Title IX: Ensuring Equal Rights in Education

Sen. Birch Bayh, D-Indiana, exercises with athletes at Purdue University in the 1970s. (Image via Wikimedia Commons)

On this date in 1972, Title IX of the U.S. Civil Rights Act of 1964 was amended to prohibit sexual discrimination by educational programs receiving funds from the federal government.

Here are some things you may not have known about Title IX.

While Title IX is best known for its impact on sports programs at colleges and high schools, the original law makes no mention of athletics.

It followed earlier executive orders by President Lyndon Johnson that required federal contractors to end discrimination on the basis of sex in hiring and employment.

Eventually Congress took up the matter, beginning in 1970 with the House subcommittee on Higher Education holding hearings. It was first proposed by Representatives Edith Green of Oregon, and Patsy Mink of Hawaii and women’s rights activist Bernice Sandler.

It was eventually introduced into the Senate by Indiana Senator Birch Bayh, who was also working on the doomed Equal Rights Amendment at the time. The ERA was stalled in committee, so Bayh added the amendment’s equal education provision as an amendment to the reauthorization of the Higher Education Act of 1965. Bayh said he thought of the legislation as a first step toward providing women the right to attend schools of their choice, which would lead to equal pay for equal work.

The bill was signed into law by Richard Nixon on June 23, 1972. In his remarks, Nixon focused mostly on the practice of desegregation busing, and did not mention expansion of educational access for women.

Because Title IX is very brief, the specific language was left to the Department of Health, Education and Welfare to sort out. The final regulations were released in 1975, and required all schools that receive federal funding, including their athletic departments, to give equal opportunities to women. The act requires schools to provide opportunities on a proportional basis to the number of male and female students enrolled as undergraduates. Schools must also accommodate the interest and ability of the underrepresented sex. For example, schools don’t have to create women’s programs if there is no interest among women in participating.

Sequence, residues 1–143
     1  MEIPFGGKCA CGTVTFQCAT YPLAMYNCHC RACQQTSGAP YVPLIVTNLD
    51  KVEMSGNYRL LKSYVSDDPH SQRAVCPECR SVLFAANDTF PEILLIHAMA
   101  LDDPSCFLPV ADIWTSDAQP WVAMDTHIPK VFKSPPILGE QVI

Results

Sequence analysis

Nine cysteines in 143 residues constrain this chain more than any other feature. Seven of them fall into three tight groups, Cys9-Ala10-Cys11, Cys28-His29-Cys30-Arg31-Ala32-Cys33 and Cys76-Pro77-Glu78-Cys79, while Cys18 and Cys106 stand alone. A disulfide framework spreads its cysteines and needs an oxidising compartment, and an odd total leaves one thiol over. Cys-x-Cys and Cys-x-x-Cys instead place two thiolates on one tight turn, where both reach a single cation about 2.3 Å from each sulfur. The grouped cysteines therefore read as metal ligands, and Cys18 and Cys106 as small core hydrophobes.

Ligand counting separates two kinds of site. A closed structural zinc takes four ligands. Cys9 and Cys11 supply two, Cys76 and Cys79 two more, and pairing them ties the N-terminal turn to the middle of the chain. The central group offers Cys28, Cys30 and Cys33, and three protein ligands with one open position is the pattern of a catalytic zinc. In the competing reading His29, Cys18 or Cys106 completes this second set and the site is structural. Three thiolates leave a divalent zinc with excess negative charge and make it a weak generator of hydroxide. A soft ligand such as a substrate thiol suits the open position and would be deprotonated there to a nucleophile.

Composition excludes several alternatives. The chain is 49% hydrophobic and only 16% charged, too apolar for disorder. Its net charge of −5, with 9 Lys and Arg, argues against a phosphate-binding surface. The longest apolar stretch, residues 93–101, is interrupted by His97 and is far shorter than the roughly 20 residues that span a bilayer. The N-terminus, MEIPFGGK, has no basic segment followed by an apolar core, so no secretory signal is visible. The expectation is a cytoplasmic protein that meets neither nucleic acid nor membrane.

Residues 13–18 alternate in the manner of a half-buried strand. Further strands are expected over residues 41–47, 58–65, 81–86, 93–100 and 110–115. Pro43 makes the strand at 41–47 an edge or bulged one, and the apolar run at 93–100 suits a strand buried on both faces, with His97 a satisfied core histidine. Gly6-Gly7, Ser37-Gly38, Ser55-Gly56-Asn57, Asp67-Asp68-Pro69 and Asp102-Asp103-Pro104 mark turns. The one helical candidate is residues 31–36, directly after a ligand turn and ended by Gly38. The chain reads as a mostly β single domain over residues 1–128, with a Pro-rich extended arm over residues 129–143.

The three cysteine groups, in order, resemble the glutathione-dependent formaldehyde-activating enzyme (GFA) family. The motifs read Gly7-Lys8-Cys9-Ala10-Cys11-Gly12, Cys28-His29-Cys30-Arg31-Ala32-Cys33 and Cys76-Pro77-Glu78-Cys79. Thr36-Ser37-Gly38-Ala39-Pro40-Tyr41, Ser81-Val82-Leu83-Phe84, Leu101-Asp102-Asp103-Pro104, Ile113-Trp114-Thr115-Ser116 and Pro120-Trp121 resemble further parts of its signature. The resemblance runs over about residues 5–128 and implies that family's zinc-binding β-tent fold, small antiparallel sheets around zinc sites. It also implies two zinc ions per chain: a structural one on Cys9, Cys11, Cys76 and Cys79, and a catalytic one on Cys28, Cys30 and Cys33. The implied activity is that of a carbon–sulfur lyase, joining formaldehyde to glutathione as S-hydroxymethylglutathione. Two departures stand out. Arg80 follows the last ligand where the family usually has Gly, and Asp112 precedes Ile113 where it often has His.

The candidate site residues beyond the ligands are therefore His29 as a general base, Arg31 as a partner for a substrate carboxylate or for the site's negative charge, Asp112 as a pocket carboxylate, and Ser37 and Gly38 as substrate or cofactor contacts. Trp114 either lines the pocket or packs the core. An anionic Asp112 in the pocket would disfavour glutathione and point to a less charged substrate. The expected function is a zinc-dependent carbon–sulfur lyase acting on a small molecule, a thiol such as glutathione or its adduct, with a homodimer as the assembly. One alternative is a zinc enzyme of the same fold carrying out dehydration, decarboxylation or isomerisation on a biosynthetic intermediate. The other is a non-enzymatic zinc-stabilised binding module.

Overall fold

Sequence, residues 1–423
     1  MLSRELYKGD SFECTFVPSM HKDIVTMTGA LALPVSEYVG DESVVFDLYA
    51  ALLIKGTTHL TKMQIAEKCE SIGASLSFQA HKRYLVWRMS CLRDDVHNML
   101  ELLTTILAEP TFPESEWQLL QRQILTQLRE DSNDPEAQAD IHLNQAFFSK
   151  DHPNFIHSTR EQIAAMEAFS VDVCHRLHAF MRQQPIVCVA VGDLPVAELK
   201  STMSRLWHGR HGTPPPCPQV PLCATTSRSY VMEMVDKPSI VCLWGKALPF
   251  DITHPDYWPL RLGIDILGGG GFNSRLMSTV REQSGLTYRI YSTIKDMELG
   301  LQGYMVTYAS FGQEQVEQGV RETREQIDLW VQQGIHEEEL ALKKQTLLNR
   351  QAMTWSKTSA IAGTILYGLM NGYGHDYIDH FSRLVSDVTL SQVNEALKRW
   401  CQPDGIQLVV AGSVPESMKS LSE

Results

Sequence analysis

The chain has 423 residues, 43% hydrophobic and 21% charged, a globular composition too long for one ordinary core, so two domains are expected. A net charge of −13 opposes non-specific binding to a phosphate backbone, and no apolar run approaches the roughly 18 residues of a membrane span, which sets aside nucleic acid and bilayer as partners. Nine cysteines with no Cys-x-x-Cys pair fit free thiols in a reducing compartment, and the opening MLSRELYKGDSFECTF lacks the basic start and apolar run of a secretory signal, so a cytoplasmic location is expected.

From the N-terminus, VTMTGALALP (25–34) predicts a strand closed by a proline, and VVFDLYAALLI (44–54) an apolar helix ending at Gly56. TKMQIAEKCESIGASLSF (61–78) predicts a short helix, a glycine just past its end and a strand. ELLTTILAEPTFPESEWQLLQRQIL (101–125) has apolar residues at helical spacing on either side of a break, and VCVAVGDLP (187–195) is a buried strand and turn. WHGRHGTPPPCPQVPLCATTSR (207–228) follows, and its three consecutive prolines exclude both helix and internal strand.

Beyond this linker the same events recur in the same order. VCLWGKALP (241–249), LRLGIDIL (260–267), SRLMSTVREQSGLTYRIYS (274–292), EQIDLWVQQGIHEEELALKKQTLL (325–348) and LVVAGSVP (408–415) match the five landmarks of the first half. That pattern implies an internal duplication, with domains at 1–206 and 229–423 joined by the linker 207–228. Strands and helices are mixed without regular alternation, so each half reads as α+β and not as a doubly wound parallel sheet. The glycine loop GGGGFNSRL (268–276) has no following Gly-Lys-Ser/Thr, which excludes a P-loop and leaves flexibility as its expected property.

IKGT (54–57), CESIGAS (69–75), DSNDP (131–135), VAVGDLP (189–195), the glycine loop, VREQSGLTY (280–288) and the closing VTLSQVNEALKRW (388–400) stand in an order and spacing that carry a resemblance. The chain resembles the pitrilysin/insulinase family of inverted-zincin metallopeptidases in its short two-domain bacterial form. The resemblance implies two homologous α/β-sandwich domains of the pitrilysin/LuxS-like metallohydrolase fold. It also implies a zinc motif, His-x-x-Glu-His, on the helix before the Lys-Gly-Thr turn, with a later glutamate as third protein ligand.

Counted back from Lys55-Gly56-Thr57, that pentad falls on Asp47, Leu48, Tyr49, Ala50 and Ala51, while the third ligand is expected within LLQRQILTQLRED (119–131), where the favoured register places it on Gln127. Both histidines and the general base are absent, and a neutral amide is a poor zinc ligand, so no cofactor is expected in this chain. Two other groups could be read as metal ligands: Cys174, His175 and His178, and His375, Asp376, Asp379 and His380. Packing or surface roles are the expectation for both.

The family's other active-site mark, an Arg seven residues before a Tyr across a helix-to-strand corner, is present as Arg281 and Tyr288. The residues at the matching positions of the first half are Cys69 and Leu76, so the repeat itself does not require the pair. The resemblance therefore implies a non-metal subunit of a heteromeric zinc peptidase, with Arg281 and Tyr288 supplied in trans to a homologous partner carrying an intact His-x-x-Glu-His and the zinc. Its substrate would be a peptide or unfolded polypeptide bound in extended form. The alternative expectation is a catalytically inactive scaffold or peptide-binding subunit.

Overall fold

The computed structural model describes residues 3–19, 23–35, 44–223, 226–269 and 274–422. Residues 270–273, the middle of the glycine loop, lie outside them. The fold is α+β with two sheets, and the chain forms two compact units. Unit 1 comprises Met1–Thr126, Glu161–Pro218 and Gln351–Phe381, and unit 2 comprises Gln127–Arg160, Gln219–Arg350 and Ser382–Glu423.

In 1966, before Title IX, there were 16,000 women participating in intercollegiate athletics in the U.S. In 2001, that number had grown to more than 150,000. Women accounted for 43 percent of all college athletes.

Some men’s athletics programs have taken advantage of Title IX as well. In 2006, Western Kentucky University had a disproportionately large number of female athletes, making the school noncompliant with Title IX. The school decided to upgrade its football program to add more spots for male athletes to bring the school into compliance.

Title IX has recently been used to crack down on how college and universities deal with sexual assault on their campuses. In 2014, the federal government began investigating 55 colleges and universities for allegations of mishandling sexual assault cases.

About one-third of states have passed their own versions of Title IX that deal with state funding, rather than federal funding, of education.

Our question: What year did the NCAA conduct its first women’s basketball tournament?

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